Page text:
Archive for strawberry
The New Year rings in not only change, but brings with it some berry berry good news. That time of year starts the delivery of fresh berries from here in Florida, to us locally and to everyone around the country as well. Strawberry season is in full swing and as it winds down it yields the lead to America’s second favorite berry (after the strawberry); the blueberry. The blueberries have just started arriving from the fields and will continue through May; at which point the northern yield comes in to carry us until through the fall. The berries are not only sumptuous as a fresh from the farm treat, but new research shows what a powerful nutritional dynamo they truly are.
A study published recently in the prestigious journal, Circulation, examined the effect of strawberry and blueberry consumption on the rate of myocardial infarction (heart attacks) in young and middle aged women. The study followed a group of 93,600 women 25 to 42 years of age who participated in the Nurses’ Health Study (NHS) II. The women were followed for 18 years. The study looked at two foods particularly rich in the anti-oxidant phytochemicals known as anthocyanins. These compounds are found in red, blue and purple colored vegetables and fruits. However, blueberries and strawberries are graced with particularly high concentrations of these potent anti-inflammatory agents. The study focused on the potential benefits associated with these berries. Among the anthocyanin compounds that have been investigated for their potential health benefit, the list includes malvidins, delphinidins, pelargonidins, cyanidins, and peonidins.
The study found that consuming more than 3 servings per week reduced the risk of heart attack by an impressive 32%. Delicious and nutritious; now that’s some berry berry good news!
 (Cassidy, Mukamal, Liu, Franz, Eliassen, & Rimm, 2013)
Cassidy, A., Mukamal, K. J., Liu, L., Franz, M., Eliassen, A. H., & Rimm, E. B. (2013). High Anthocyanin Intake Is Associated With a Reduced Risk of Myocardial Infarction in Young and Middle-Aged Women. Circulation, 127:188-196 doi: 10.1161/CIRCULATIONAHA.112.122408.
What better way to open the month of April, which welcomes us as fools (and I with a total malapropism of Beatles classics) than with the Foole of Strawberries. Strawberries are a treat; delicious sun sweetened harbingers of the bounty to come, they are among the first of fruits to give yield. They are also among the top five fruits in terms of delivering antioxidants (and a great source of vitamin C) per weight of fruit. In addition to antioxidants, they provide a host of phytonutrients like anthocyanins, ellagitannins, flavonols, terpenoids, and phenolic acids. This results in strawberries helping the body reduce dangerous levels of inflammation. A diet rich in strawberries has been shown to decrease inflammatory markers like C-reactive protein (CRP).
Sage is powerful herb that has been revered throughout history. Its Latin designation, salvia officinalis comes from the Latin root salvere meaning “to be saved.” It is well known for its cleansing abilities and contains many of the same types of compounds (volatile oils, flavonoids (including apigenin, diosmetin, and luteolin), and phenolic acids, including the phenolic acid found in rosemary, which is closely related to sage—rosmarinic acid) found in strawberries. Rosmarinic acid acts via a different pathway to synergize with the anti-oxidant benefits found in strawberries. Sage also contains an enzyme known as superoxide dismutase (SOD) which gives it an unique capacity to mediate oxygen mediated cell damage such as that seen in inflammatory conditions like rheumatoid arthritis, asthma and atherosclerosis. There is also evidence (Pharmacological Biochemical Behavior, June 2003) supporting what ancient herbalists knew to true: consuming sage can make you sage, or at least improve memory and brain function.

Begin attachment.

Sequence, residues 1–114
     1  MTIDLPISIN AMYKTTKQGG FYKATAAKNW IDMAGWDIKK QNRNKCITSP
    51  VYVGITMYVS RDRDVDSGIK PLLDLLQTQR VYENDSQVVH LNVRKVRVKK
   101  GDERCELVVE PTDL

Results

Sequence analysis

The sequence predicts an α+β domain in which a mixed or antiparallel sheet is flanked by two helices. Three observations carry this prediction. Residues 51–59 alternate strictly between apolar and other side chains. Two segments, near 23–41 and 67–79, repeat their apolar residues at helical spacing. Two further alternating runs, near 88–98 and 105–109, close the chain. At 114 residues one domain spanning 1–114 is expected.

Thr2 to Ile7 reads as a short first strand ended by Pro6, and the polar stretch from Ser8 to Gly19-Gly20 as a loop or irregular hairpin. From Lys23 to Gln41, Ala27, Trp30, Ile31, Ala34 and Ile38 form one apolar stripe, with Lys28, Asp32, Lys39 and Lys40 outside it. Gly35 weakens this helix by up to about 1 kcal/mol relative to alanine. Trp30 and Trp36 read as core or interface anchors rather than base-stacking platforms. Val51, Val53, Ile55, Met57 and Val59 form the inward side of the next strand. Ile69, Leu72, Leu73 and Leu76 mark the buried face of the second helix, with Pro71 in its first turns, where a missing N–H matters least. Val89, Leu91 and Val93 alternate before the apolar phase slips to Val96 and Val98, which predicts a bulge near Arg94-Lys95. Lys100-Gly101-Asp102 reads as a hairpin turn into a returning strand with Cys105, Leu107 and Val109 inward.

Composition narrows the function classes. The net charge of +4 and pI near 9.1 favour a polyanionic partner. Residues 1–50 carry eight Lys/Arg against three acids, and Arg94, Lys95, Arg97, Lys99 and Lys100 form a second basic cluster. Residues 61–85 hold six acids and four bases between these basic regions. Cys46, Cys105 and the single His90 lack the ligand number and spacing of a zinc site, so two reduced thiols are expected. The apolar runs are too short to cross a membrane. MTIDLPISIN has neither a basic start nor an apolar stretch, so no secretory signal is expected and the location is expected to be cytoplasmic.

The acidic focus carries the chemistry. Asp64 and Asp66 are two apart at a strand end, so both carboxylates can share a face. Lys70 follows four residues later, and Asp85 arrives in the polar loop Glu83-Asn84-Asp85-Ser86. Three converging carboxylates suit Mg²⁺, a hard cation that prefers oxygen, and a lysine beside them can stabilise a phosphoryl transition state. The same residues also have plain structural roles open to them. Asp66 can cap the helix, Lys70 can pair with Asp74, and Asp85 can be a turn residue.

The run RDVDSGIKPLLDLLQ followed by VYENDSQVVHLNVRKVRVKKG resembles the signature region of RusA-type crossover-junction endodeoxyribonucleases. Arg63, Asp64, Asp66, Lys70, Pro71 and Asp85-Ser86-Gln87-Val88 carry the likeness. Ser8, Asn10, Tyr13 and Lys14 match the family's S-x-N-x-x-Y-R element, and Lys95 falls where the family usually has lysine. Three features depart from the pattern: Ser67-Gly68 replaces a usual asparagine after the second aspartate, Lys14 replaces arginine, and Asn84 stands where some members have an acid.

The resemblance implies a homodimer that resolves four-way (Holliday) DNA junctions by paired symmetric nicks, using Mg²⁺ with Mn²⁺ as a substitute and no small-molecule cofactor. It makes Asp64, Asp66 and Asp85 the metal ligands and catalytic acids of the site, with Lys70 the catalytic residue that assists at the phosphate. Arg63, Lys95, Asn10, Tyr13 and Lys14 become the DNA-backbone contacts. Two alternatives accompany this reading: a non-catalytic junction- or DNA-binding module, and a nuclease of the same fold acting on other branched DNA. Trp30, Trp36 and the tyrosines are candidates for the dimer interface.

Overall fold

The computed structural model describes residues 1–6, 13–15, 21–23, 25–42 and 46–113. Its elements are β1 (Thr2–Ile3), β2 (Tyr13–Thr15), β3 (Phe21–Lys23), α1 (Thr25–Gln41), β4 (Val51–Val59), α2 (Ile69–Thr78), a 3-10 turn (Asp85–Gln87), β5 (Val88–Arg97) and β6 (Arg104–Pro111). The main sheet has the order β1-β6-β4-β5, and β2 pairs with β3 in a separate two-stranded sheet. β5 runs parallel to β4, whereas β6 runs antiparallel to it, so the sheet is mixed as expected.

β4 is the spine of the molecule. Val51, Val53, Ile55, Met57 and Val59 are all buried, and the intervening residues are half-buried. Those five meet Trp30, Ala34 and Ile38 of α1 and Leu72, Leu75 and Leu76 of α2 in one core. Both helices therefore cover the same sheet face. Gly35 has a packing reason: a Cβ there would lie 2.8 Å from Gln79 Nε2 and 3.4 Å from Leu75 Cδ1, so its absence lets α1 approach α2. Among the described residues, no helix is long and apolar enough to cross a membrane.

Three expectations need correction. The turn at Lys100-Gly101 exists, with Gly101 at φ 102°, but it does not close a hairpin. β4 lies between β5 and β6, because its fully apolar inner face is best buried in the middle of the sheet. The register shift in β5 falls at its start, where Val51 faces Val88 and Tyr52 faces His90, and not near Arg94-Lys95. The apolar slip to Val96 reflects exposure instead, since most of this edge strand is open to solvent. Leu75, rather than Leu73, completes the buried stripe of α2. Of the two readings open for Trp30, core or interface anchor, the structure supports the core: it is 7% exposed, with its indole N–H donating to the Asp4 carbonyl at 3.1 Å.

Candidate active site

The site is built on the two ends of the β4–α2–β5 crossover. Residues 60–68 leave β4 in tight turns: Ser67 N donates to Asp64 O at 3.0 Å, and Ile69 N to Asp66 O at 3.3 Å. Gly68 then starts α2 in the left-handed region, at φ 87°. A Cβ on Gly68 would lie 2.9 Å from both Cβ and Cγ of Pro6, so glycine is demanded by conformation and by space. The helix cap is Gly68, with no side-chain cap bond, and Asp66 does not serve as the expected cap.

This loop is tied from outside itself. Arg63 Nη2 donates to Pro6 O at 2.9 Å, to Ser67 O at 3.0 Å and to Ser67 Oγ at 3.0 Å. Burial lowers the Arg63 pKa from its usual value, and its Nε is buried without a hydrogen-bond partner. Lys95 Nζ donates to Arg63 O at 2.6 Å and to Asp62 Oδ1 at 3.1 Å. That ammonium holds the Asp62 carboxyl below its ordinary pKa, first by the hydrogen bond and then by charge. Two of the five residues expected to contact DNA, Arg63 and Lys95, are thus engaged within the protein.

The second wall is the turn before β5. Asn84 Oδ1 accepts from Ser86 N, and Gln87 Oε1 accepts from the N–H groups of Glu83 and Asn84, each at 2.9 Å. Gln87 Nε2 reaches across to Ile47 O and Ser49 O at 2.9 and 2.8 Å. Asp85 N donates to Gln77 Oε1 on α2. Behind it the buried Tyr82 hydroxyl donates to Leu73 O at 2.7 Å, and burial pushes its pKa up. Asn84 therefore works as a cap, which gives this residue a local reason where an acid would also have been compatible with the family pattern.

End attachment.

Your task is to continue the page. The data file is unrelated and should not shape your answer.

A fool (or foole) is a dessert of English origin, first mentioned in 1598, but with origins likely much older. It combines seasonal fruit (gooseberries were among the original) with a flavored whipped cream. This version reduces the lactose by adding the tangy flavors of chèvre, goat cheese, which also acts to boost the health benefits. Flavored with natural honey, this sweet treat embodies the balance of sweetened, slightly tangy whipped cream and chèvre, bright sun ripened strawberry goodness and a savory, herbaceous note of sage that heralds the arrival of spring. Like the fool, it appears on the surface simple and a mindless pleasure to enjoy and dismiss. Like The Fool, who is in truth a Mage, this dessert packs a nutritional powerhouse of vitamins, antioxidants, phytophenols and a host of other compounds to render under to it a title of healthy eats. And as in Nature, it seeks and achieves Balance being delicious AND nutritious; A Sage Foole, indeed!
Sage Strawberry Fool
- 1/4 cup honey + 1 Tbs
- 1 cup mead
- 1 pint fresh strawberries